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GM's culture of unaccountability
Everything you need to know about the auto giant's recent failures, in four paragraphs
 
CEO Mary Barra has her work cut out for her.
CEO Mary Barra has her work cut out for her. (Mark Wilson/Getty Images)

Now we know where General Motors went wrong, said Max Nisen at Quartz. The National Highway Traffic Safety Administration released a 315-page report last week on the circumstances that led to GM's botched ignition-switch recall, and it's a doozy. The report reveals slow and inadequate investigations, "an intense focus" on cost control over customer safety, and a corporate culture that "emphasized deferring responsibility, instead of taking it on." But GM's biggest failure may have been the lack of oversight, as the company allowed rogue engineers to "make decisions and changes that cost lives and caused injury." Employee autonomy is great, but it "only works when there's accountability and transparency."

If you're looking for more transparency, don't count on finding it, said Edward Niedermeyer at Bloomberg View. GM is between a rock and a hard place. Yes, the automaker has to "regain the public's trust after waiting more than a decade to recall a deadly defect." But it also has to guard against "as much liability and public relations fallout as possible." And by not releasing the results of its own internal investigation, GM has already "opted to err on the side of caution rather than accountability." That could become a real obstacle as CEO Mary Barra works to remake GM's image. And while Barra claims she wants to reform the company's culture, her "professed shock" is tough to reconcile with the executive depicted in the report who blithely describes customs like the "GM nod: when everyone nods in agreement...but then leaves the room with no intention to follow through."

At least some heads are starting to roll, said Keith Ablow at Fox News. After the report was released, Barra fired 15 employees and disciplined five others. But the crisis is far from over. GM is still facing legal action, including probes by law enforcement, over the faulty ignition switches. And "if specific decision-makers" knew about the problem and still chose to wait on the recall, those employees should not only be fired, they "should also be jailed." Corporate executives can't "knowingly proffer goods that can predictably cause injury or death," and doing so cannot be viewed as simply "a case of product liability."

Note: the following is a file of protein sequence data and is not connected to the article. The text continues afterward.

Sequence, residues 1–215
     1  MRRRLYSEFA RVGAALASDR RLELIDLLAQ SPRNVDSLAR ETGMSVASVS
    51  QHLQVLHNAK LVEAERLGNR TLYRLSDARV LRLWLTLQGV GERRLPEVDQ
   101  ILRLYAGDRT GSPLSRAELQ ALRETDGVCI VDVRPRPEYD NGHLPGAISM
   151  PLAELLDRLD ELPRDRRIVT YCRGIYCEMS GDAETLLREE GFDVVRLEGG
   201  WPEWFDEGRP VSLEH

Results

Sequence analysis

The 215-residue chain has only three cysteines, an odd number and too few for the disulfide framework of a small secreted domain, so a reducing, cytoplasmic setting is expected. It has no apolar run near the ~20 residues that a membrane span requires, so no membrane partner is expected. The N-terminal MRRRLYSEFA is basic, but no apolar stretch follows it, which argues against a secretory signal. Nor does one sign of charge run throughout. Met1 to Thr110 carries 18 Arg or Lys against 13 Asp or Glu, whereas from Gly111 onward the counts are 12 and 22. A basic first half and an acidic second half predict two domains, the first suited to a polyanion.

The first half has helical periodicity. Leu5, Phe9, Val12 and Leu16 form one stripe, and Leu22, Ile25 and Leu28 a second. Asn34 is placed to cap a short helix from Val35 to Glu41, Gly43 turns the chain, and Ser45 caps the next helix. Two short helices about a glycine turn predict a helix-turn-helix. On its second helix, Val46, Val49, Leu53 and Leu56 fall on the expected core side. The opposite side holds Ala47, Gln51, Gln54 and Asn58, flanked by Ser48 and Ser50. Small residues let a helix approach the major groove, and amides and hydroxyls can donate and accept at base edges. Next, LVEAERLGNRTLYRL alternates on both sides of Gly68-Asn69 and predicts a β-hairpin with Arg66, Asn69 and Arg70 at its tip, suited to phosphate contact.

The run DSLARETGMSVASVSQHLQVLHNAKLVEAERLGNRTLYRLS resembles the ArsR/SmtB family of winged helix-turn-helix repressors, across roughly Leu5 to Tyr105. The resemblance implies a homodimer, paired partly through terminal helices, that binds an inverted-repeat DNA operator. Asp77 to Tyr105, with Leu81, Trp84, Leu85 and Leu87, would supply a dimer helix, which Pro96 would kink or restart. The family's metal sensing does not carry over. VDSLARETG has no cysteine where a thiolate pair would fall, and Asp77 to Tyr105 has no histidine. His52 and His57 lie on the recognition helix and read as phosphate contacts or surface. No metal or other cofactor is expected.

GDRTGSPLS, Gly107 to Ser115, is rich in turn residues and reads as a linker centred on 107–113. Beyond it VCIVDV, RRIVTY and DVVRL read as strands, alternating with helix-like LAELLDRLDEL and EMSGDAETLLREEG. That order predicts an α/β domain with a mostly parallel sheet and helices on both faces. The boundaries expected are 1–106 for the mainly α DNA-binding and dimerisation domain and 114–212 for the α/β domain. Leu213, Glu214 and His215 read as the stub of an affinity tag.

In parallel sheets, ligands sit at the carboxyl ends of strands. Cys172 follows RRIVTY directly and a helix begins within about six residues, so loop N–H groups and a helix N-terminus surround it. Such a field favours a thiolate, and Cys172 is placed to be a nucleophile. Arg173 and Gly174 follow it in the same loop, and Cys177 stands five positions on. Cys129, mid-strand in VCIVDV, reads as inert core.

Civil cases will certainly play a part, too, said Ashby Jones in The Wall Street Journal. Already, "more than 80 ignition-switch-related lawsuits have been filed against GM," threatening to cost the automaker up to $1,000 per car in depreciation claims alone. That's big money in a recall that involved 2.6 million vehicles. And that doesn't even account for claims over injuries and deaths. The company won't comment in detail, but Barra has vowed that GM will "do the right thing by victims." That might include a planned compensation program, expected to launch in August, that would cut checks to "victims and their families who file claims" provided they agree not to seek further damages in open court.

 
Sergio Hernandez is business editor of The Week's print edition. He has previously worked for The DailyProPublica, the Village Voice, and Gawker.

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